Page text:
Our Training Ride Up Calaveras Road
|Read about our training ride up Eureka Canyon Road|
I-680 connects San Jose to Fremont and the Almaden Pass. Row after row of hills separate I-680 from the Central Valley. Behind the first row of hills, where I-680 swings east of Fremont, and south of Livermore, lies Calaveras Road. Starting on low ground near I-680, it climbs into the hills. Within minutes, the cyclist is far away from heavy traffic and urban congestion. The climb, plus rolling hills, is a perfect ride, whether sight-seeing, or training.
Calaveras Road, stretches from I-680 to Felder Road. We added a side trip to Camp Olhone, in the Sunol Regional Wilderness. Beyond our stopping point, the road dips quite sharply down to Felder Road.
During our ride on Calaveras Road, we climbed 2132 feet. The longest climb started at eight miles, and continued for three miles. A second climb started shortly after, followed by a series of rollers. On the return leg, there are only small climbs, with the most strenuous coming just before the big descent back to the low lands.
We biked Calaveras Road a week later than we had planned. The week before, various fire fighting organizations participated in a controlled burn of non-native grass. Since we did not want to subject ourselves to smoke inhalation, we substituted Eureka Canyon. Happily, we were able to ride Calaveras the following week.
This ride was demanding. Comparing it with our ride of the week earlier, Eureka Canyon Road, Calaveras was six miles longer, with 500 more feet of climbing, and took and hour longer. This ride is an important stepping stone to becoming tour ready. We had ridden Calaveras Road several times with our Mountain Bikes. We had never ridden it with our Surly’s. Nor had we carried such weight.
Our ride started with a surprise. When we loaded the bikes, we did a quick check to make sure the bikes had survived our Threshold Ride the day before. We drove to Calaveras Road, and loaded our panniers on the bikes. I discovered that my front tire had deflated. Replacing the tube was good practice. And, I had the proper tube and tools. We were back on the road in fifteen minutes.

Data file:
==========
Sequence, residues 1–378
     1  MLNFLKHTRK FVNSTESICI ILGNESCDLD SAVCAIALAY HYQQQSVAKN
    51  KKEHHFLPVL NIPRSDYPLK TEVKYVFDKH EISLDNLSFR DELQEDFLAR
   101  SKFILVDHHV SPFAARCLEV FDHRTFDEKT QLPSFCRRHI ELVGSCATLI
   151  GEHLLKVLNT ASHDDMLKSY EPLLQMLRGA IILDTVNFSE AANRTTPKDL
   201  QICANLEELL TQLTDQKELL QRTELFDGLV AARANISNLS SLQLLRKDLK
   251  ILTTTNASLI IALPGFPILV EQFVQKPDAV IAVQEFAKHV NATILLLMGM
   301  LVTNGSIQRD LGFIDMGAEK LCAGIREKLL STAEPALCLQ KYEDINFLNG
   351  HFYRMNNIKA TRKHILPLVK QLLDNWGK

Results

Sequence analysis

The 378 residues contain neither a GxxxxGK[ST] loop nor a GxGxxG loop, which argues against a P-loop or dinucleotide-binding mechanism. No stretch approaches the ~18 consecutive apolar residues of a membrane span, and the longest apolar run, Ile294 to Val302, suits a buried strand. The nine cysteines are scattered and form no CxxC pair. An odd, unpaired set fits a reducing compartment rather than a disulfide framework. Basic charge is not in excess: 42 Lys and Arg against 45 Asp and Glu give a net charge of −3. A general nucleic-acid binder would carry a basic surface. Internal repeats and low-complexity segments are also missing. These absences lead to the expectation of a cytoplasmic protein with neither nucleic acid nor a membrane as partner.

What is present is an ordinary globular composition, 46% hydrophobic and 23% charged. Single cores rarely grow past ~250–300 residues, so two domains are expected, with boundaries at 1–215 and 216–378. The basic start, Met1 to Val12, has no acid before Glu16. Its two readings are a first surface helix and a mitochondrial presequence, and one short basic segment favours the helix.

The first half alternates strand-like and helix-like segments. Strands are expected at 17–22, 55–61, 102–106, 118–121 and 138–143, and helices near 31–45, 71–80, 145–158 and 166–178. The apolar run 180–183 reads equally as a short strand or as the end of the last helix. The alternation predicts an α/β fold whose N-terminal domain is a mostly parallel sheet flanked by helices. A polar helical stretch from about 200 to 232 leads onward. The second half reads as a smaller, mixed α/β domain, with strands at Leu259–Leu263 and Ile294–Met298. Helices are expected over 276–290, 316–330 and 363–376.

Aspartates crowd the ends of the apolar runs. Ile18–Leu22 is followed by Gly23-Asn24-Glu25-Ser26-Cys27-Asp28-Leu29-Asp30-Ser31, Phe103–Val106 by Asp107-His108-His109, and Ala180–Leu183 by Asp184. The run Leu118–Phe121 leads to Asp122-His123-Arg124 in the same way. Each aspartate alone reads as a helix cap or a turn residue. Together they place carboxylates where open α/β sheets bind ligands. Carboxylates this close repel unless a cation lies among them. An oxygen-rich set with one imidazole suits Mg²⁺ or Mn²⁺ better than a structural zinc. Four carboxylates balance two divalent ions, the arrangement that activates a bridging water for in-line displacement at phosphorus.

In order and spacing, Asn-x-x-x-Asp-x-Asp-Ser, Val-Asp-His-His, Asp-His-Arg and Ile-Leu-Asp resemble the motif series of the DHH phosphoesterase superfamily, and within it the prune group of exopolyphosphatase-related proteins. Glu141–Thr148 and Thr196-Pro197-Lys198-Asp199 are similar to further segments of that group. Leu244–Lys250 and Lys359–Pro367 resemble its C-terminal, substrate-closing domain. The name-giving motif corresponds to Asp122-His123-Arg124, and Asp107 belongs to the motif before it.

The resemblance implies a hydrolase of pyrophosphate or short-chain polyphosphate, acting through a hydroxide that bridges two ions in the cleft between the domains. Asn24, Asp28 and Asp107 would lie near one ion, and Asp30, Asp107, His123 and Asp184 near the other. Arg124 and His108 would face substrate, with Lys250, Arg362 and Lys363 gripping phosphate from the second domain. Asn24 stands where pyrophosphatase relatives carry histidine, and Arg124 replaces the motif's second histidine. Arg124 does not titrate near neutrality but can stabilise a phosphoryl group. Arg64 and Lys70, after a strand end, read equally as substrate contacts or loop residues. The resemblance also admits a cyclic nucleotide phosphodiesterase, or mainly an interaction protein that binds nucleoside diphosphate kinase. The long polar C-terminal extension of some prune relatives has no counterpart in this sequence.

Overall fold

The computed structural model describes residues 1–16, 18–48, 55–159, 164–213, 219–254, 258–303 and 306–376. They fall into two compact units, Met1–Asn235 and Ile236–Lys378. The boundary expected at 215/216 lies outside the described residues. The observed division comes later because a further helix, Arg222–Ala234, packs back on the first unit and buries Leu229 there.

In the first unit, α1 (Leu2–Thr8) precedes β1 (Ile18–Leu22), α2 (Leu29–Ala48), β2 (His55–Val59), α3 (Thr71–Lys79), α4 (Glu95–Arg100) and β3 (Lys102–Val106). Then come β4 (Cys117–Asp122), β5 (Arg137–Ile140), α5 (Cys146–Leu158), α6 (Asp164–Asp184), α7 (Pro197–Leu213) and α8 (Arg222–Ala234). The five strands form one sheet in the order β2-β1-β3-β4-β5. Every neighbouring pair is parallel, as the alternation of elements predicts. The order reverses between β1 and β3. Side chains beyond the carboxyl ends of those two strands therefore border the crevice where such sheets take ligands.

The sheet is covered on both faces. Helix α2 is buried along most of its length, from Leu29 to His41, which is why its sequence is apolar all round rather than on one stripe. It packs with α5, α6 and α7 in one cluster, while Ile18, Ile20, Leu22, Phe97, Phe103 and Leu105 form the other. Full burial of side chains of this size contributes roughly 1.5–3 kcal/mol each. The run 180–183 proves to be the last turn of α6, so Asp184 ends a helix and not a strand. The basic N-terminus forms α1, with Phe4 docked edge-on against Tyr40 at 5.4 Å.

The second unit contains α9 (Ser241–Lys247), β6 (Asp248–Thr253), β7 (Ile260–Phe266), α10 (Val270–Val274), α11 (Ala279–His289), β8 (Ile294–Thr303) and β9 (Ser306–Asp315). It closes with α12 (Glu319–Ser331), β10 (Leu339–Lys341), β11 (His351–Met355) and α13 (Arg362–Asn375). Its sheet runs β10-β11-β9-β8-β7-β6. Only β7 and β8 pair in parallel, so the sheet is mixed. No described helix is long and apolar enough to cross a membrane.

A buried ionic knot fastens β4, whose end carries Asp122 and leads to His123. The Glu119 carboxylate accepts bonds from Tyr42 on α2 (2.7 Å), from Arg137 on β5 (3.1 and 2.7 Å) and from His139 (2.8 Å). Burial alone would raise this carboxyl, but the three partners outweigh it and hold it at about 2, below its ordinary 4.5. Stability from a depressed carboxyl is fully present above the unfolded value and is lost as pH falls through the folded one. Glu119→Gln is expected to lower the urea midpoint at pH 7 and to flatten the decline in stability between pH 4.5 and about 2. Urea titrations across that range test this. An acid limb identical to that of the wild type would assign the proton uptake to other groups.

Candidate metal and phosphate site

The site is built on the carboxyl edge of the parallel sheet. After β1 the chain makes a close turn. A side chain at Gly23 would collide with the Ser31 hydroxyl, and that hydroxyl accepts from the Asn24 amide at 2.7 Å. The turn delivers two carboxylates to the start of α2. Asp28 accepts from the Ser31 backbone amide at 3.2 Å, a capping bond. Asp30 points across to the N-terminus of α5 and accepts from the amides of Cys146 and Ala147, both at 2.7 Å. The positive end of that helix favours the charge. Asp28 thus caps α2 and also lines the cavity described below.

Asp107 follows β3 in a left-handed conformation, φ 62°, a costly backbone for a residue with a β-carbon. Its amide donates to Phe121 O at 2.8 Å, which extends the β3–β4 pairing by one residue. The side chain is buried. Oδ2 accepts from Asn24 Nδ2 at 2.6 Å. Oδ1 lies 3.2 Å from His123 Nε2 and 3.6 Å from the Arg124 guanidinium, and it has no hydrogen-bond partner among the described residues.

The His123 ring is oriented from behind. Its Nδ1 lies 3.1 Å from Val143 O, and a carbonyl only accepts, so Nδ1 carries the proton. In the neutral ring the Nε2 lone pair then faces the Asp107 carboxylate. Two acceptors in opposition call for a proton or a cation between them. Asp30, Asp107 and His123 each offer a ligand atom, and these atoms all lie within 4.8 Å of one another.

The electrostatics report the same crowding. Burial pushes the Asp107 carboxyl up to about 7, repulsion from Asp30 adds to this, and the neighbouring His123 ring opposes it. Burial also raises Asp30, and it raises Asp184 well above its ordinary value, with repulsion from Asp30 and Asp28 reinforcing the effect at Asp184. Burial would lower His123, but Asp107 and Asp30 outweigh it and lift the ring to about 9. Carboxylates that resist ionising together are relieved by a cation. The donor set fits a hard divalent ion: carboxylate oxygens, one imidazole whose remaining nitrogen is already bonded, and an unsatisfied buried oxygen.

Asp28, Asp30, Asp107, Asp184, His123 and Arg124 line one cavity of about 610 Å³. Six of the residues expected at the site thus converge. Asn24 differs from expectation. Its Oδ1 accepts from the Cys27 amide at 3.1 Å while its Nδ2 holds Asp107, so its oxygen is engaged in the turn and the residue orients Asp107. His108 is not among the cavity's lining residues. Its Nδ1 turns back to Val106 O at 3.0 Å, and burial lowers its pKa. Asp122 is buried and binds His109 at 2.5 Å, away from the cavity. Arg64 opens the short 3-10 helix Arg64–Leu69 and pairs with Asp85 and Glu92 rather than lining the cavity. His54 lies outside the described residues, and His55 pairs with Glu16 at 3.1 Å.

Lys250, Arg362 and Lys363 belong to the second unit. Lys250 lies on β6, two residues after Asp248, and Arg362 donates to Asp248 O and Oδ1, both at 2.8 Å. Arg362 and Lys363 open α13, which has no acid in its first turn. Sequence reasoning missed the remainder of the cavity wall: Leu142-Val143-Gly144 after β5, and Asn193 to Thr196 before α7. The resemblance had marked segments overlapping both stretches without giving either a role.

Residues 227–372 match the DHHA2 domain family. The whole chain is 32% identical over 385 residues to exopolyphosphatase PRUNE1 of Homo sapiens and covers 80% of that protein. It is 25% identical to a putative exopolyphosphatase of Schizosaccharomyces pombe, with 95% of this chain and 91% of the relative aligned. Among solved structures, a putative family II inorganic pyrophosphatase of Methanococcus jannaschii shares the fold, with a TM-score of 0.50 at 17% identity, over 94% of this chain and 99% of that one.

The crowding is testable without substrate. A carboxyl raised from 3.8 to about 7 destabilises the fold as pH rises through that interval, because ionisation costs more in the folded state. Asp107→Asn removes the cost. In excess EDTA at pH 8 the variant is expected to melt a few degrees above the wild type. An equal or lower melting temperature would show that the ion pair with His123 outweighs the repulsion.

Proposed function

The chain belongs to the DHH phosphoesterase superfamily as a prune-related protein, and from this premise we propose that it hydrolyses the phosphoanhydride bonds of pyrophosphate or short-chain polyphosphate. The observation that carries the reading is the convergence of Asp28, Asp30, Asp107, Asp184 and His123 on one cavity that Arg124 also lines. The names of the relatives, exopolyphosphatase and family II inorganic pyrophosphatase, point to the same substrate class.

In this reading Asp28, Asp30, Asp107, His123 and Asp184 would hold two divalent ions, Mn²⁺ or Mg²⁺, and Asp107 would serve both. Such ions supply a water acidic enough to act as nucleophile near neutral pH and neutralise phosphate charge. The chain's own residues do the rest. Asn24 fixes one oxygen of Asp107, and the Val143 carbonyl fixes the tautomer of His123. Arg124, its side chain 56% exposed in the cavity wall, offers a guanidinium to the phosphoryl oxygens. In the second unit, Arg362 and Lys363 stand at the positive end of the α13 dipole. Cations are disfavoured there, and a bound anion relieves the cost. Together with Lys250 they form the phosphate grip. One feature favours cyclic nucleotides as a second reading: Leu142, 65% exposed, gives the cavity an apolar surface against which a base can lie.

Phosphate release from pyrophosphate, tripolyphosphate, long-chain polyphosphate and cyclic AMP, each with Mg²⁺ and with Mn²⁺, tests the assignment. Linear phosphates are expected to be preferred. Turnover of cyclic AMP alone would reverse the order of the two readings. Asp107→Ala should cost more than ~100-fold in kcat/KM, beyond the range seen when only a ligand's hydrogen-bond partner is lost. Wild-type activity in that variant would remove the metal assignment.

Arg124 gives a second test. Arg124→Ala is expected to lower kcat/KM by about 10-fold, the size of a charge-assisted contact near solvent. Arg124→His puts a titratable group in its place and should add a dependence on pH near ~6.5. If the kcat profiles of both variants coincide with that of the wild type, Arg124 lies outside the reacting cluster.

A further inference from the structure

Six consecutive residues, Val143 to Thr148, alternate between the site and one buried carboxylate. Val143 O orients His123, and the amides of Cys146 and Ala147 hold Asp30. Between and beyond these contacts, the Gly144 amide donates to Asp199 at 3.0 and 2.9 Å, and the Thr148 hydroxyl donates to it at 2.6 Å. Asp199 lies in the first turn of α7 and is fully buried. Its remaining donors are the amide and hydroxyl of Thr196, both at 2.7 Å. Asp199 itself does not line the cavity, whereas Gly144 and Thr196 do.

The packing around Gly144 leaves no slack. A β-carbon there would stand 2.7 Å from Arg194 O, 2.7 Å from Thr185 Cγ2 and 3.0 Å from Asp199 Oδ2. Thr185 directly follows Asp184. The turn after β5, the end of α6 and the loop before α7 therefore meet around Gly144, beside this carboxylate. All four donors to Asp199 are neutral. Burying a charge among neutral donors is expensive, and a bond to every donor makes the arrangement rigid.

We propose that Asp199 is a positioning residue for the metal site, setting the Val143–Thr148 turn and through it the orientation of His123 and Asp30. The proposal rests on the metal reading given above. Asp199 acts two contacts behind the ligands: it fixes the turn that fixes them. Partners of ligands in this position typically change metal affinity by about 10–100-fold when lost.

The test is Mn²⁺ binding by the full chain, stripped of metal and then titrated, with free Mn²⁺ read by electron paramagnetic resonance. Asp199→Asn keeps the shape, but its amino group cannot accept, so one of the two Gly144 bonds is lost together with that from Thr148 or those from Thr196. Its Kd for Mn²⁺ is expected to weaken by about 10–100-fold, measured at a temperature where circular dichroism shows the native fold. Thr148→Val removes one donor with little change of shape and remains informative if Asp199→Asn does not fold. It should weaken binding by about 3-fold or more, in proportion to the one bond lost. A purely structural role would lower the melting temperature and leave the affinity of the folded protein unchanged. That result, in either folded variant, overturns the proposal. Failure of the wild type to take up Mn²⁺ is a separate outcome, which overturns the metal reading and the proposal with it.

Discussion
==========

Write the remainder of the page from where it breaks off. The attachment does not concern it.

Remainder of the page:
We set out for the second time. The first four miles, up to the turn-off to Camp Olhone, were gentle rollers, with each step a little higher than the one before. We discovered that a large, multi-year, construction project, was underway. The Calaveras Reservoir improvements span 2011 – 2017.
A large number of dump trucks with trailers, and cement trucks shared the road with us. Happily, the drivers seemed well attuned to cyclists, and gave us a wide berth. For the most part, the construction workers and others were remarkably courteous. This was the least threatening ride we have done in some time.
When we turned off to Camp Olhone, the cement trucks continued to share the road with us. I remembered this road, having ridden it on my Mountain Bike. I remembered it as narrow in spots, with some one-way traffic. I also remembered at least one very steep climb. My recollections were correct. The road was not particularly narrow, and presented no problem. I did wind up, for the only time of the day, walking my bike about 50 yards up a hill to get to the Camp.
Camp Olhone was closed to camping. The closure surprised and saddened us. The closure looked very permanent, not a simple mid-week exercise. We were also surprised to see, on the far side of the Visitor Center, a large assembly of cement trucks. The two seem connected, but we don’t know the details.
We returned to Calaveras Road, and started up the first of the two big climbs. We climbed about 600 feet in a little over two miles. The grade remained about 4%, occasionally a bit more, or a bit less. We followed our standard practice of stopping every 15 minutes. It took us about 30 minutes to make the climb. Throughout the climb, I managed to keep my heart rate out of Zone 4.
At the top, we paused to rest, happy with our climbing ability. When we laid out our training rides, Calaveras Road worried me. As we started, I had wondered if it would be too steep. Two things happened. First, the climb had taken a lot out of us, more than we realized. Second, we basked in the false assumption that we had completed the bulk of our climbing. We failed to realize that, before us was the second climb, some 300 feet, plus many rollers.